In a move that could disrupt the consumer lending segment, e-commerce giant Flipkart is poised to enter the financial services space, offering credit and insurance products to consumers and sellers on its platform.
The Bengaluru-based company has started the application process for a Non-Banking Financial Company (NBFC) license, which will enable it to open lines of credit to its approximately 100 million customers and over 100,000 vendors. Over time, the company will take these services beyond its platform, taking on companies like Paytm and Bajaj Finserv.
It also partners with insurance companies to co-create microinsurance products that will align with a customer’s e-commerce journey, according to the company. “Our fintech vision at Flipkart is to create highly differentiated financial solutions for our customers, consumers and sellers, leveraging data and technology to make them highly inclusive, simple and transparent,” said Ravi Garikipati, vice -Senior President and Head of Finance. services at Flipkart. “A good understanding of customers helps us arrive at very different credit risk profiles and will play an important role in underwriting.”
Currently, over 60% of consumers who shop on Flipkart have no access to formal credit. This deters them from making large purchases on the platform, which the company says is stunting its growth. Although Flipkart has partnered with banks and NBFCs for some time to offer customers EMIs on large purchases, it says a gap still exists.
On the seller side, Flipkart scrapped its lending program after seeing gaps in the speed at which credit could be extended to them. Garikipati says the new products will reduce the time it takes for sellers to access credit from days to minutes or even seconds. The company also plans to lend to sellers from its own balance sheet.
“Whether it’s consumer lending or vendor lending, we have a hybrid strategy. We plan to apply for an NBFC license ourselves and when we have it in place we would like to service most loans using our own balance sheet. It’s not exactly a marketplace, but an organized set of partners who will work with us,” added Garikipati, who in his previous stint served as CTO and Head of Engineering at Flipkart.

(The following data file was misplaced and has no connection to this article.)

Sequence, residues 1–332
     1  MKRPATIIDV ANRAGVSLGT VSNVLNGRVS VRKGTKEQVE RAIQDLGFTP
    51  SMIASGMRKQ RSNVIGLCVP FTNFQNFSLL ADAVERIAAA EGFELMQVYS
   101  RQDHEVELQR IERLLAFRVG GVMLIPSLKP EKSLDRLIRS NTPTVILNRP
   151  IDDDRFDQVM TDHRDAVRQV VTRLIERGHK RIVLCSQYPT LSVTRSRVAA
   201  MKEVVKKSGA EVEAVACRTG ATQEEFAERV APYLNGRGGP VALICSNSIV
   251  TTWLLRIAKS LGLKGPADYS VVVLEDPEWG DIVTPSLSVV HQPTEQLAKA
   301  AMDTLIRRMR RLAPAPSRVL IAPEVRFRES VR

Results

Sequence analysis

On the insurance front, Flipkart will first partner with select insurers to offer byte-sized micro-insurance for specific purchases on its platform.
For example, customers will be able to purchase a comprehensive protection plan for their smartphones directly from Flipkart, and sellers will be able to insure their products against damage during the reverse shipping process.
Garikipati said that while microinsurance built around e-commerce would be a start, Flipkart also plans to quickly enter the general insurance and life insurance arena. Even then, it will stick to curating a few select fonts rather than becoming an aggregator like PolicyBazaar, BankBazaar, or CoverFox.
Flipkart will launch its first products in the area of financial services over the next three months and will target the three main areas it has identified: consumer loans, supplier loans and insurance. The company has already identified three partners to power consumer loans, but did not disclose their names.
“Even within the Flipkart ecosystem, we have a phenomenal opportunity. The goal here is to tap into this latent captive demand, which is a billion-dollar opportunity in terms of consumer finance and so is even for commercial loans. This will remain our goal for the next two years,” Garikipati said.
Amazon, Flipkart’s main rival in India, is also considering an entry into the financial services space largely to address consumers’ lack of access to credit. In the United States, the company has made great strides to enter the financial services space through partnerships, sending the country’s banks and other financial institutions into a state of intoxication, expecting competition from ‘Amazon.
For India, Amit Agarwal, Country Head at Amazon, did not disclose details of how Amazon would address the issue of lack of access to credit. In a recent interview with Business Standard, he said: “If you don’t really have a financial institution that can give you credit, then we will give you credit, because we know you a lot more because you come to us. everyday. ”